The Specter Haunting Europe: The Unraveling of the Post-1989 Order

Article
October 2016

What some had thought would be the “end of history” has instead turned out to be the “new world disorder.” Democratic liberalism may have no new ideological rival, but older identities are powerfully reasserting themselves.

What’s Wrong with East-Central Europe? Liberalism’s Failure to Deliver

Article
January 2016

Is democracy in East-Central Europe suffering because of a lack of liberal zeal among elites, as Dawson and Hanley contend, or is it because
liberal policies have failed to deliver on their promises?

From Politics to Protest

Article
October 2014
The protests that have been erupting around the world may signal the twilight of both the idea of revolution and the notion of political reformism.

European Disintegration? A Fraying Union

Article
October 2012

Contrary to the expectations of some democratic theorists, the EU will not collapse because of the “democratic deficit” of European institutions. Nor will it be saved by the democratic mobilization of civil society. Paradoxically, it is widespread disillusionment with democracy—the shared belief that national governments are powerless in the face of global markets—that may be the best hope for reconciling the growing tension between the goal of further European integration and the goal of deepening democracy in Europe.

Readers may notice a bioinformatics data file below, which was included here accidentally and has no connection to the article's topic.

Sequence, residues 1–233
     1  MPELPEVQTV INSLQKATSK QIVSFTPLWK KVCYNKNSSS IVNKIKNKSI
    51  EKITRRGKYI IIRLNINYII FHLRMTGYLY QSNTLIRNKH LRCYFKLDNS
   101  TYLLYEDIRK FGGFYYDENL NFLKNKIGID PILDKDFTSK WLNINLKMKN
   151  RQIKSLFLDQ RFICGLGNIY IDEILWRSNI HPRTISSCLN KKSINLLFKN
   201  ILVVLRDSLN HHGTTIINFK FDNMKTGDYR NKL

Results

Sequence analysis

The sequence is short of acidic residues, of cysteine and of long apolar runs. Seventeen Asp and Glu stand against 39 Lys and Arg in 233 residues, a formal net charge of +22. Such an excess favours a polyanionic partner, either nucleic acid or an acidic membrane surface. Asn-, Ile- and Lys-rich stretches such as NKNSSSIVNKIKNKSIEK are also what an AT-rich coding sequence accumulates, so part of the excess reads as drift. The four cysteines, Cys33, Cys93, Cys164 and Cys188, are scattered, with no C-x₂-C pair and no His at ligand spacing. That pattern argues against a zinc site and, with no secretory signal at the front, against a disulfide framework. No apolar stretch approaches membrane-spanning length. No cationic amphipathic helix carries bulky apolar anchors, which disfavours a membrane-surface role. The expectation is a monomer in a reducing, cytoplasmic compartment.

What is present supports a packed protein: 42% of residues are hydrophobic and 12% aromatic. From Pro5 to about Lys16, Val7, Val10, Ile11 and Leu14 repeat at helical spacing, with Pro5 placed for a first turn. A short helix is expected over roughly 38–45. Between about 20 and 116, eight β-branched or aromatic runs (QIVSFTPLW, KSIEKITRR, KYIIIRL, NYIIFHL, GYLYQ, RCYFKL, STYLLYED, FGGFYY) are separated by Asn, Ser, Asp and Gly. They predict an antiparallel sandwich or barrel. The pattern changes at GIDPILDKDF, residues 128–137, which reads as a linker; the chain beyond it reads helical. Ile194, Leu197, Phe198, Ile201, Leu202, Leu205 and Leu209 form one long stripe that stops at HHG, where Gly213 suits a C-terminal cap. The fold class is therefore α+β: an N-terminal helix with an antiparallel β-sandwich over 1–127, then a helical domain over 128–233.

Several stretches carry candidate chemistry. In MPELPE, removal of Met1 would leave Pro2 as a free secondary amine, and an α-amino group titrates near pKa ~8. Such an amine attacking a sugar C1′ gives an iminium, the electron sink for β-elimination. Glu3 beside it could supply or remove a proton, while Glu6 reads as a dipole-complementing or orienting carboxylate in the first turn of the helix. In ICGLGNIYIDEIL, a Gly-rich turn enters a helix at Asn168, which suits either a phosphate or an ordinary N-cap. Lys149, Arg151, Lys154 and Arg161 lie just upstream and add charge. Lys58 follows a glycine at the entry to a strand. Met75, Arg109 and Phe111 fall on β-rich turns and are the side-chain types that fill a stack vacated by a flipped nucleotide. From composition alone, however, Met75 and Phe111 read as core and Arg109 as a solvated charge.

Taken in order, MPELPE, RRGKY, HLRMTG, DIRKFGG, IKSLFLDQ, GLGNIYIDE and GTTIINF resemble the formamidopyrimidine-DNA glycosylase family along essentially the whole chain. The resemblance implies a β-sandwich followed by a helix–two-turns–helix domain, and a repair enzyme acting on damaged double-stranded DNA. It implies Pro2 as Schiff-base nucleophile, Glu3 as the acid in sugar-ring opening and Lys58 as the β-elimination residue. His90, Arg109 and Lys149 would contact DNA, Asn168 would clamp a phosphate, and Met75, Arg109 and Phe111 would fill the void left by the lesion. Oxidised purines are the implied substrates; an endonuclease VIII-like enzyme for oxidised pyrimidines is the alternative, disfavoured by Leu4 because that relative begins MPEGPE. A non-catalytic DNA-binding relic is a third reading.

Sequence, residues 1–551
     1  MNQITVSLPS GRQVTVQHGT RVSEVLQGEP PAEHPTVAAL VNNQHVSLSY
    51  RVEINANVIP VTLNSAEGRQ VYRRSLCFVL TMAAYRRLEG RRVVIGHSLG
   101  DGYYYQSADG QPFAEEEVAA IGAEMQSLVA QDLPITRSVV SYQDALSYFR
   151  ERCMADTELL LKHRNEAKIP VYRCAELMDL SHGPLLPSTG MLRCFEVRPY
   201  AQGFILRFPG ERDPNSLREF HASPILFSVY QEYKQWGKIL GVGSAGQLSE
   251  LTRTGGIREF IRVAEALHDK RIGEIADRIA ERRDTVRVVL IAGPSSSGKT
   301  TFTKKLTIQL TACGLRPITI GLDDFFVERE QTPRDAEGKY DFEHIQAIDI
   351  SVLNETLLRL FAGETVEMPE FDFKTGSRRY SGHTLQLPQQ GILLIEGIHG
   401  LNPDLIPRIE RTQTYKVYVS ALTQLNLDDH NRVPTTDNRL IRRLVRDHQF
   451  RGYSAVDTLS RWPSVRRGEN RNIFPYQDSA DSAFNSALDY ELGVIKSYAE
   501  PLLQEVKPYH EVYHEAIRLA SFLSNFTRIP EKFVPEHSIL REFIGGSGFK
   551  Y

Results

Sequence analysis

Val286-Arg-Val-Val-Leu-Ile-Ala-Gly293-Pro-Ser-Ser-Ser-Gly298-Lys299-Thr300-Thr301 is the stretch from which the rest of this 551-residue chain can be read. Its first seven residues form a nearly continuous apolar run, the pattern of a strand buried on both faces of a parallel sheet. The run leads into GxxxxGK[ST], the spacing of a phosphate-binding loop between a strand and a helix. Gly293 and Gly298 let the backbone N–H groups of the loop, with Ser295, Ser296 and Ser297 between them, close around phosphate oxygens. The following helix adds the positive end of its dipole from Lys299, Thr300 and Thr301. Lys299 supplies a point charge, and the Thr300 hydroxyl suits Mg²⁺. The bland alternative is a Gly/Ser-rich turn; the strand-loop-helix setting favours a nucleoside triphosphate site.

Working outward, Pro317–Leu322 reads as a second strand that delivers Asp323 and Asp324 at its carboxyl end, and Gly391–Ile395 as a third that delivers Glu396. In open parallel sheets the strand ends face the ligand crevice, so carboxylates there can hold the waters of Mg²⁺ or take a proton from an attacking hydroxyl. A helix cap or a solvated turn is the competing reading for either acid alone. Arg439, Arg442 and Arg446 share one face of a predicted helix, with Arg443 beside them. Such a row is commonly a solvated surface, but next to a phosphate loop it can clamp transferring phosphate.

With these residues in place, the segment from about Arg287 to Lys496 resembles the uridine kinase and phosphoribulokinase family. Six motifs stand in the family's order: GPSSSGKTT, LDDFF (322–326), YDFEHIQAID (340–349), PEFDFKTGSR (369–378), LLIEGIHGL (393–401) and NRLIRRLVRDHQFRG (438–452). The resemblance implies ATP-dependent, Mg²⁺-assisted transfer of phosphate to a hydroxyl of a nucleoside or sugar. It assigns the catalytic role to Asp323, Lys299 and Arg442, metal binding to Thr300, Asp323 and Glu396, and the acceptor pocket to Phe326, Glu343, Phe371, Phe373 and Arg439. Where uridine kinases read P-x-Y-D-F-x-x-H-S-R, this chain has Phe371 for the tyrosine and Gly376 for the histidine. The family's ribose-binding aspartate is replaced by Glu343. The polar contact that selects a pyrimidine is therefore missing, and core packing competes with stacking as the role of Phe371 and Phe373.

Putinism Under Siege: An Autopsy of Managed Democracy

Article
July 2012

Although they have quieted down as quickly as they flared up, the clamorous protests that followed the dishonest Russian legislative elections in December 2011 have essentially destroyed Putin’s regime, the infamous “managed democracy.” 

Paradoxes of the New Authoritarianism

Article
April 2011

Why are the unfree regimes of the former Soviet world proving so durable? A lack of ideology and—perhaps surprisingly—a degree of openness are proving to be not so much problems for authoritarianism as bulwarks of it.

Twenty Years of Postcommunism: Deepening Dissatisfaction

Article
January 2010

Today, twenty years after the fall of the Berlin Wall, there is a growing ambiguity about the historical significance of 1989 and about the state of democracy in Europe (particularly Central Europe).

Is East-Central Europe Backsliding? The Strange Death of the Liberal Consensus

Article
October 2007

The paradox of East-Central Europe is that the rise of populism is an outcome not of the failures but of the successes of postcommunist liberalism.
*This is a corrected text of the print and original online version of this essay, which lacked proper citation for some of its sources. This is the only version that should be used for citation or further dissemination.

New Threats to Freedom: Democracy's "Doubles"

Article
April 2006

From Putin's Russia to Chávez's Venezuela, regimes that claim to be democracies but act like autocracies are emerging as a major long-term threat to freedom.

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